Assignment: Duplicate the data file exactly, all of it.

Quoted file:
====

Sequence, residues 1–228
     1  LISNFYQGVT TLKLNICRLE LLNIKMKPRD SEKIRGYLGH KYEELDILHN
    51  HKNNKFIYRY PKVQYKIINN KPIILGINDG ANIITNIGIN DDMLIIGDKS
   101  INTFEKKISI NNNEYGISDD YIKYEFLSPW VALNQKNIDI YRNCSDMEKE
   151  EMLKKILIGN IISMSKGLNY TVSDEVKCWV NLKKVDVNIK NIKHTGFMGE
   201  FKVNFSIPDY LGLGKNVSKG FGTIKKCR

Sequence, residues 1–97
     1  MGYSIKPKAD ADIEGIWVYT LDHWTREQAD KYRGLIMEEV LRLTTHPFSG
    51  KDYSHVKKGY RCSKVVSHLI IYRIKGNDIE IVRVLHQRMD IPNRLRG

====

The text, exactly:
Sequence, residues 1–228
     1  LISNFYQGVT TLKLNICRLE LLNIKMKPRD SEKIRGYLGH KYEELDILHN
    51  HKNNKFIYRY PKVQYKIINN KPIILGINDG ANIITNIGIN DDMLIIGDKS
   101  INTFEKKISI NNNEYGISDD YIKYEFLSPW VALNQKNIDI YRNCSDMEKE
   151  EMLKKILIGN IISMSKGLNY TVSDEVKCWV NLKKVDVNIK NIKHTGFMGE
   201  FKVNFSIPDY LGLGKNVSKG FGTIKKCR

Sequence, residues 1–97
     1  MGYSIKPKAD ADIEGIWVYT LDHWTREQAD KYRGLIMEEV LRLTTHPFSG
    51  KDYSHVKKGY RCSKVVSHLI IYRIKGNDIE IVRVLHQRMD IPNRLRG